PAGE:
An HR professional for nearly 17 years, I’ve been as critical of the function as anyone. And the reason is—this job is teeming with potential that far too often goes untapped.
And while I have fantasies that a push could come from the bottom up, as has been noted, until CEOs/COOs/CFOs (or, in other words, those who tend to manage the HR function) get on board with the importance of it, not a whole lot will change.
So, my mission today is to try and convince those powers that be that they really, REALLY need HR.
Once upon a time…
Once upon a time, a bright, highly motivated young man started a brand new job at a neat little organization with a reputation for doing all kinds of cool things. The young man was excited about this opportunity and looking forward to making his mark on the company.
In fact, the young man was so excited and so positive about his future with the company that he wouldn’t allow himself to become discouraged by a few, well … irritations.
First he learned that the job duties weren’t exactly as described by his new boss during the job interview. The discrepancy wasn’t a huge deal, so he decided not to dwell on it.
But then he learned that the company’s “great benefits” weren’t really that great. (Seems his boss didn’t understand benefits and didn’t care about learning either, so she’d kind of told the young man some stuff that wasn’t exactly true and then skated over the rest.) A 401k with no match that he wouldn’t be eligible to join for another year? Three plus months before medical and dental would kick in? No health savings account? Hmmm …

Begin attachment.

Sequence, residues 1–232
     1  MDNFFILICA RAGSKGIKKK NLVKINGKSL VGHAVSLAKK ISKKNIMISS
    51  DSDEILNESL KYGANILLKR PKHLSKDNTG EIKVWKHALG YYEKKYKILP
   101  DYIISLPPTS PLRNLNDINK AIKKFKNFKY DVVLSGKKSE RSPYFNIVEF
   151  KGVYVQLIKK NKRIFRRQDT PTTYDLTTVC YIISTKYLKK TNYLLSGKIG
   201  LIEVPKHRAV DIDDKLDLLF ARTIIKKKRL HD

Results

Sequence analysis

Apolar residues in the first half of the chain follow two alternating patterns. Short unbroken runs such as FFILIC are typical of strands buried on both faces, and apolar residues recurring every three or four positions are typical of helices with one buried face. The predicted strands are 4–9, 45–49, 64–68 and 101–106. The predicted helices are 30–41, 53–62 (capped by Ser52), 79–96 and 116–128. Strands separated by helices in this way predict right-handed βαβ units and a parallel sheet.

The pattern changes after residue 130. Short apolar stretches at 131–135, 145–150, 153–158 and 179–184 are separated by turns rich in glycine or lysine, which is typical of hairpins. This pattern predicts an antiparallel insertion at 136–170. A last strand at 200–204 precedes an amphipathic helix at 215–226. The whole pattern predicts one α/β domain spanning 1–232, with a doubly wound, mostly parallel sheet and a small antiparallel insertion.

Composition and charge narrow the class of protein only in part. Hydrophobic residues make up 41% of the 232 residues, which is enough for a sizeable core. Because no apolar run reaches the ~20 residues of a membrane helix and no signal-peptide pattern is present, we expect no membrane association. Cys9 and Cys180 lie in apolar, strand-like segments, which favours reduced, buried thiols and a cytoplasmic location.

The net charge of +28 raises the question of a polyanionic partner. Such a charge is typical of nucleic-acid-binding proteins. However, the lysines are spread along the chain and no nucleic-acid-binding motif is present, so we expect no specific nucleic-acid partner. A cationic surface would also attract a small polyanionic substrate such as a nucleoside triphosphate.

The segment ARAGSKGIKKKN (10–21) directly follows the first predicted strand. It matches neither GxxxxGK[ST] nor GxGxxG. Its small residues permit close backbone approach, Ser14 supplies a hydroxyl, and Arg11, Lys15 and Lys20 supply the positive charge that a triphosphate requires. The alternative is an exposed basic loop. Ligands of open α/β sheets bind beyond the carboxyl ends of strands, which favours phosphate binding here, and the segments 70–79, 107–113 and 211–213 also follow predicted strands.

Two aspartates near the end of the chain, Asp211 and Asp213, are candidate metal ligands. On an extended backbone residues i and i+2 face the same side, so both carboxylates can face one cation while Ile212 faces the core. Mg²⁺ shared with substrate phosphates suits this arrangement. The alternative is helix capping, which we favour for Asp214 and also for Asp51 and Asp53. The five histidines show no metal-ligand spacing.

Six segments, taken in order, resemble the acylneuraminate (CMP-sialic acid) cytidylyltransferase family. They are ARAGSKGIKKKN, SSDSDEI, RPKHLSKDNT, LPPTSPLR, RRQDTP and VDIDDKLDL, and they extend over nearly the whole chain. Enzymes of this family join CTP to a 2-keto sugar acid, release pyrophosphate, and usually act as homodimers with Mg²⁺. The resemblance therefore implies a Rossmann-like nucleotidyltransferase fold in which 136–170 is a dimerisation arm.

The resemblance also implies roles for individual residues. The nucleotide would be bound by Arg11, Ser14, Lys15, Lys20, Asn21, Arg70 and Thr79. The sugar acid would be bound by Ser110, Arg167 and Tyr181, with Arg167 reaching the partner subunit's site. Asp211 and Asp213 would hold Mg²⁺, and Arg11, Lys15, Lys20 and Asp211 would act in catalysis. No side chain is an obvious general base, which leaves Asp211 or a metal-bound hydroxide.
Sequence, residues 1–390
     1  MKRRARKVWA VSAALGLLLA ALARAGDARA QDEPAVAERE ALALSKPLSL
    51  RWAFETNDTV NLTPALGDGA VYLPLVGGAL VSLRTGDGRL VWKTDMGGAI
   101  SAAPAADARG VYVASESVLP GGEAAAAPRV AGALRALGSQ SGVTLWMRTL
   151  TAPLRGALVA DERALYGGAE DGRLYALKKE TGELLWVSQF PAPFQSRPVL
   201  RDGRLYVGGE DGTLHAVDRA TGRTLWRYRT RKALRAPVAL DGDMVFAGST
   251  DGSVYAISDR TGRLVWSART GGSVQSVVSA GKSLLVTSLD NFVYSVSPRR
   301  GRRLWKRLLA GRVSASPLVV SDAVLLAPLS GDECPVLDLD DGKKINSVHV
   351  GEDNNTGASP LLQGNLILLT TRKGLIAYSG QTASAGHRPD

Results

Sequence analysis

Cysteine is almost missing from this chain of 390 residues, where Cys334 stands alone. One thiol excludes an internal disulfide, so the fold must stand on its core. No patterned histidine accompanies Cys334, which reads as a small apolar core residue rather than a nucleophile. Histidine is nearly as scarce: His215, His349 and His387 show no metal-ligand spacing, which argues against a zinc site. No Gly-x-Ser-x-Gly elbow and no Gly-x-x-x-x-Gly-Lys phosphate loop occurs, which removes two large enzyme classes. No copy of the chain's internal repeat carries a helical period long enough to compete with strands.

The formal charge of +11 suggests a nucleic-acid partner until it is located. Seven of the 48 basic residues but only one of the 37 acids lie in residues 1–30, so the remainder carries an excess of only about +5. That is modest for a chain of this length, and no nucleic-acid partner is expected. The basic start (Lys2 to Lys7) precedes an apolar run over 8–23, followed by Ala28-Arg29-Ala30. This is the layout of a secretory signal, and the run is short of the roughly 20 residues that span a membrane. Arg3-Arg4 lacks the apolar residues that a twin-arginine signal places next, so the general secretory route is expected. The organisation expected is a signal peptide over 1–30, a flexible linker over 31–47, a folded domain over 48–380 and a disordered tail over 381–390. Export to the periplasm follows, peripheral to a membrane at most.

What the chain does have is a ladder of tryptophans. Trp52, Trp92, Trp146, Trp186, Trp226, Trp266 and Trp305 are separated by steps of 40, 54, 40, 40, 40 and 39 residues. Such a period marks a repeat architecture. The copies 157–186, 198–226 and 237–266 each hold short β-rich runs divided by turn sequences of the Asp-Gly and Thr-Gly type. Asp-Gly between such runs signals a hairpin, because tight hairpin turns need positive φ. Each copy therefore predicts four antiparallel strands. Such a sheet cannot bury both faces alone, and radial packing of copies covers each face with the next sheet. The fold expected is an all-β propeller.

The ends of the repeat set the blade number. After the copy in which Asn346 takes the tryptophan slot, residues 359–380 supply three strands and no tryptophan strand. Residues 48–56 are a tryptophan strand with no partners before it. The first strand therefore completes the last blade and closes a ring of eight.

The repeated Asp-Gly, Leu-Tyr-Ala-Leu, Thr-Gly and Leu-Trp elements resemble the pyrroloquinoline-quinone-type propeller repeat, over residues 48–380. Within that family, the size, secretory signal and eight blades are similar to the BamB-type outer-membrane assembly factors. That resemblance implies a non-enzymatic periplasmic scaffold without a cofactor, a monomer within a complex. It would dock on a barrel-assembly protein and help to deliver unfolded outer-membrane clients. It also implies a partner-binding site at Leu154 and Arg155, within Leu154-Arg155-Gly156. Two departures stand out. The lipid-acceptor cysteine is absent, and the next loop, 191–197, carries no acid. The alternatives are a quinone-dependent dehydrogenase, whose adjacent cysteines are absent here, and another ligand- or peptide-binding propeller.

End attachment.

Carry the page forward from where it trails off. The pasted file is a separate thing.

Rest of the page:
But that wasn’t the worst.
Oh no. Over the next few weeks, this young man would come to learn that his boss was a manipulative, lying, micromanaging she-devil, and there was literally no one to whom this poor soul could turn to for relief because …. wait for it … there was no qualified HR professional on or near the premises to speak of.
So, this promising young man said to himself, “Forget this” and began looking for a new job shortly after landing his current one. And like I said, he was pretty bright, so within a few months he found one.
Meanwhile, the company that had invested months in training was left with not much besides some outdated business cards, a whole lot of unfinished work, and one more departing employee who wasn’t in any frame of mind to say anything nice about his former employer to anyone who might happen to ask.
All because the company wouldn’t invest in a qualified HR professional who does the things qualified HR professionals do—
- Develop competitive compensation and benefits programs that both attract and retain talent;
- Accurately communicate the worth of said benefits;
- Assist in the creation of job descriptions that reflect the reality of a position’s function and purpose;
- Ably resolve workplace conflict;
…. and so on.
And yes, perhaps this company’s lack of regard for HR was merely symptomatic of some larger issues, and if any respectable HR professional were to work there she’d be driven bonkers.
Still, the point stands:
Companies need certain jobs performed. And, at a minimum, employees need someone to answer benefit questions right the first time, for crying out loud.
So whatever your idea of HR, never consider for even a second that you don’t actually need HR, because your employees most definitely need HR, and you need your employees.
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